Recent presidential election could have negative impact on health

June 07, 2017

Boston, MA - Stress, increased risk for disease, babies born too early, and premature death are among the negative health impacts that could occur in the wake of the 2016 U.S. presidential election, according to a new article from Harvard T.H. Chan School of Public Health and Massachusetts General Hospital/McLean Hospital.

Marginalized groups are likely to be most affected, the authors said. That's because hostile attitudes toward racial and ethnic minorities, immigrants, and Muslims--which appear to have been brought more to the surface with the presidential candidacy of Donald Trump--have been linked in previous studies with both mental and physical adverse health effects.

The article appears in the June 8, 2017 issue of the New England Journal of Medicine.

"Elections can matter for the health of children and adults in profound ways that are often unrecognized and unaddressed," said David R. Williams, Florence Sprague Norman and Laura Smart Norman Professor of Public Health at Harvard Chan School and Professor of African and African American Studies at Harvard University, and lead author of the article.

Williams and co-author Morgan Medlock, a psychiatrist at Massachusetts General Hospital/McLean Hospital, explored a small but growing body of evidence on how election campaigns can influence health, and considered the implications for health care providers. They looked at existing studies that examined health impacts in the wake of the elections of former U.S. presidents, including President Donald Trump.

Studies conducted after President Obama was elected found an uptick in racial animosity among white Americans and a proliferation of hate websites and anti-Obama sentiment on social media. Donald Trump's election appeared to heighten already hostile attitudes toward racial and ethnic minorities, immigrants, and Muslims, according to some early research.

Williams and Medlock cited a number of studies suggesting that such societal hostility can have serious health effects. For example: The authors also warned that cuts to health and social services, such as the threatened repeal of the Affordable Care Act, are likely to further exacerbate the health challenges of poor and marginalized populations in the U.S. They reviewed studies that documented increases in infant mortality, preventable childhood diseases, and chronic disease among adults when such cuts were made early in the Reagan administration.

The authors suggested several ways that health care providers can respond if they find postelection "side effects" among their patients. For example, clinicians could directly address their patients' emotional distress, suggesting psychotherapy or medication; clinicians and health care organizations could take a strong stance against hate crimes, discriminatory political rhetoric, and incivility; and the health care community can advocate for further research, or conduct their own, on potential negative health effects related to elections and the societal climate, as well as on identifying effective interventions to reduce their adverse effects on health.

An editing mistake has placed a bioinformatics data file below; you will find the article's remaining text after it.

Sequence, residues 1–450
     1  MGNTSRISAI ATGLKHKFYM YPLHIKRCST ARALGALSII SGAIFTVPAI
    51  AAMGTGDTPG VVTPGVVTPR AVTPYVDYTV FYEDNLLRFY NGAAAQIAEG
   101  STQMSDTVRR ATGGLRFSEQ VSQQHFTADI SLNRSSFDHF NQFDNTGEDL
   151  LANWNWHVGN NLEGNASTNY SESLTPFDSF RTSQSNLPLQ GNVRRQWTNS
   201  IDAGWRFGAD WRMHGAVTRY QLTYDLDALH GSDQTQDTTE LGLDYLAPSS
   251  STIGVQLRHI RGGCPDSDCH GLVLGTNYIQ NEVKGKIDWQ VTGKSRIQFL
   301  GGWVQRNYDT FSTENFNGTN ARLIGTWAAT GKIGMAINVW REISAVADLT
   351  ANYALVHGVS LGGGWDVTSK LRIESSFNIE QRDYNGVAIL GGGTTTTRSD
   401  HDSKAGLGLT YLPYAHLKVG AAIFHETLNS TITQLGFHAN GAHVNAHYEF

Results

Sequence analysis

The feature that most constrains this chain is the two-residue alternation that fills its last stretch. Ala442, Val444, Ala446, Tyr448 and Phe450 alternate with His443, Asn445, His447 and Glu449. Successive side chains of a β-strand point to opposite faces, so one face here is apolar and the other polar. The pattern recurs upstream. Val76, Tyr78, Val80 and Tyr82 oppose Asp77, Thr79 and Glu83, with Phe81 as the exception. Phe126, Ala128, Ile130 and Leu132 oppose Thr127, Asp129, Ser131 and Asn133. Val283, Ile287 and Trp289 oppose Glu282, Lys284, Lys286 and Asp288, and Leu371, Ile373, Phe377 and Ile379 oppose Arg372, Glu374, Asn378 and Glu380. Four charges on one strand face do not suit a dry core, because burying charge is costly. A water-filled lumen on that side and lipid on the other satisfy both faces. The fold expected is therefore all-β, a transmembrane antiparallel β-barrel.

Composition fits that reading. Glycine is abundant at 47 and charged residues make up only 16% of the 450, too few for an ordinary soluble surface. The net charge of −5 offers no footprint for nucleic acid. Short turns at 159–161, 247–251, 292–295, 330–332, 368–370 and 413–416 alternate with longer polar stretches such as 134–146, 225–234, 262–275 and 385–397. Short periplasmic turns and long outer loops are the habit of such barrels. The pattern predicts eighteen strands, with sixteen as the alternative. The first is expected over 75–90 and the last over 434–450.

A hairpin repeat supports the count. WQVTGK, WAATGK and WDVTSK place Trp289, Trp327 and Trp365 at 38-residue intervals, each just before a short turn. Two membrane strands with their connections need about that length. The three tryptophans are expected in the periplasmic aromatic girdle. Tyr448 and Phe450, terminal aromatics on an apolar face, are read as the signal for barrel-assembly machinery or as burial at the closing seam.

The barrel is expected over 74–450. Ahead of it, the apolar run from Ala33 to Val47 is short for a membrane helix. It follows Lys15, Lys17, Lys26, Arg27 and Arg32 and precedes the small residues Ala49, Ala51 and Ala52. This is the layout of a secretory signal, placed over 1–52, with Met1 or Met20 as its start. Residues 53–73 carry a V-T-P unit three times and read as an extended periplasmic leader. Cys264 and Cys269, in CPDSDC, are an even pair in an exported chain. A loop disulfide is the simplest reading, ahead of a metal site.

-end-
Preparation of the article was supported by funding from the W.K. Kellogg Foundation and the Robert Wood Johnson Foundation.

"Health Effects of Dramatic Social Events - Ramifications of the Recent Presidential Election," David R. Williams and Morgan Medlock, New England Journal of Medicine, June 8, 2017, doi: 10.1056/NEJMms1702111

Visit the Harvard Chan School website for the latest news, press releases, and multimedia offerings.

Harvard T.H. Chan School of Public Health brings together dedicated experts from many disciplines to educate new generations of global health leaders and produce powerful ideas that improve the lives and health of people everywhere. As a community of leading scientists, educators, and students, we work together to take innovative ideas from the laboratory to people's lives--not only making scientific breakthroughs, but also working to change individual behaviors, public policies, and health care practices. Each year, more than 400 faculty members at Harvard Chan School teach 1,000-plus full-time students from around the world and train thousands more through online and executive education courses. Founded in 1913 as the Harvard-MIT School of Health Officers, the School is recognized as America's oldest professional training program in public health.